Trickle charge mode: It may not be clear to every user that voltage behavior during a discharge can differ greatly depending on the battery chemistry. Many users are not aware that a nominal voltage of a lead battery of 12.50 volts - depending on the load - can already represent a massively discharged battery, and that the nominal voltage of a NiCd battery of 1.20 volts says little about the capacity - although both are the nominal voltages of the battery/cell - but with different chemistry.

However, if the capacity is displayed with a color or a measured value, even the less experienced user will notice that battery No. 4 with 11.41 volts is a problem because the capacity is displayed in YELLOW, indicating a low level. This enables early detection of defective batteries in the system in real-time without additional components and maintenance work!

Discharge mode: Also in case of a discharge, the user will be able to see which cell/block loses capacity faster than others, and check these batteries accordingly later.

In the picture on the right you can see that there is a difference of 5% in the capacity of battery no. 1 as compared to no. 2, although both have the same voltage.

This development is to be observed in order to identify whether the difference increases during discharge.

A little later, battery no. 1 still shows a 3% difference to no. 2, although the voltage at battery no. 1 is now higher than at battery no. 2 => battery no. 1 should be observed.

The optical display of the capacity makes it easier for the user to keep track of a large number of batteries and clearly indicates the vital differences between the batteries at an early stage.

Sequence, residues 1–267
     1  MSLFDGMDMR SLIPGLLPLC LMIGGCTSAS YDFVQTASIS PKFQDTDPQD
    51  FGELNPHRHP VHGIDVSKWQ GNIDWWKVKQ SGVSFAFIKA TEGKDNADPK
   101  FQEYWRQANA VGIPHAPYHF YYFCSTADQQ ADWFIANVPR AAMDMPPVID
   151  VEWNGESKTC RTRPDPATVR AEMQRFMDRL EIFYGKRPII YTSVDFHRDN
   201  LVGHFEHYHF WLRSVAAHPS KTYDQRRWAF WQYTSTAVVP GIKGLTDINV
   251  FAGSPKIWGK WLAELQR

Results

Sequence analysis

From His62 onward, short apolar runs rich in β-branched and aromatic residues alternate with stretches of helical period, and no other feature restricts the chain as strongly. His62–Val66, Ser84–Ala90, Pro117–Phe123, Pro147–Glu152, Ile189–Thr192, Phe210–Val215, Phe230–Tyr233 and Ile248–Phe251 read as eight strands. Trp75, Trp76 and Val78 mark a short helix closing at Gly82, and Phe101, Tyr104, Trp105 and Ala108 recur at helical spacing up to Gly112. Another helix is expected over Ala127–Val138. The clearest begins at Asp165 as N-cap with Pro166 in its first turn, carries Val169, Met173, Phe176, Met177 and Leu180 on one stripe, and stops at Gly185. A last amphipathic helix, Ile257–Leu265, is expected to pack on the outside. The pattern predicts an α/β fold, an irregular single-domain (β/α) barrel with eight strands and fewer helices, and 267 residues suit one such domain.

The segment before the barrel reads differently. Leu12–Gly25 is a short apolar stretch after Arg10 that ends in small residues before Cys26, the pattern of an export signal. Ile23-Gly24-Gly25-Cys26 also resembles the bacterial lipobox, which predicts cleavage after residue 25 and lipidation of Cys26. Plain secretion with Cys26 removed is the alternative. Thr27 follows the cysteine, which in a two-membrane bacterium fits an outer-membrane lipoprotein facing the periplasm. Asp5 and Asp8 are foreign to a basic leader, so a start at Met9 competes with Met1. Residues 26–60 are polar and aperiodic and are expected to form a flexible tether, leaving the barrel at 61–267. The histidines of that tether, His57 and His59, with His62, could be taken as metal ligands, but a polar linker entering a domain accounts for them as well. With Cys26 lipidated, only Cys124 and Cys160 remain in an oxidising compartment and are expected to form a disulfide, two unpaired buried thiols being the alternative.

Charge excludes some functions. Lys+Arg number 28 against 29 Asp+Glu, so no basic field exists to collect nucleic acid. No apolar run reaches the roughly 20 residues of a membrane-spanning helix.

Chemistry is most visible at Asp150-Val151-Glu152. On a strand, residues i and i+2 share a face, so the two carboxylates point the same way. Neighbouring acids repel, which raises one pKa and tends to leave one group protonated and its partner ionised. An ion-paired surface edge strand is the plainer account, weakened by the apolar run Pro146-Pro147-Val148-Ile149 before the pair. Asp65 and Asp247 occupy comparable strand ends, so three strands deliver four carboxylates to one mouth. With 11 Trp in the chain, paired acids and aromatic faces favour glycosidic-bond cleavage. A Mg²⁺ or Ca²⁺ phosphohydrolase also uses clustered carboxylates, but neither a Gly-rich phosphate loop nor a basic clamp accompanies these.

With BACS, GENEREX is proud to have the first BMS on the market that can, through Balancing, provide

  • Extended service life
  • Increase capacity
  • Comparability of impedance measurements
  • Replacement of old cells/batteries with new cells/batteries without damaging the remaining ones within the string.
  • Delay/prevention of spontaneous combustion due to overcharging
  • **NEW** - a battery capacity indicator

Now balancing forms the basis for calculating the battery capacity – more dependably and cheaper than was previously possible!

No Battery Monitoring System can do this; only a Battery Management System can, by treating each cell or block individually, establish a common voltage base that allows the capacity to be calculated much more accurately than would be possible without balancing.

At GENEREX, we work hard to live up to our reputation as an industry leader and are proud to have been recognized as the unofficial standard within the industry by many users around the world.

The next generation of our BACS system will support new technology approaches, in addition to well-known standard technologies, and will be able to almost guarantee operational reliability for systems based on lithium LTO/LTE/LiFePo batteries. And this 4th generation will be compatible with the current most successful generation of a BMS on the market!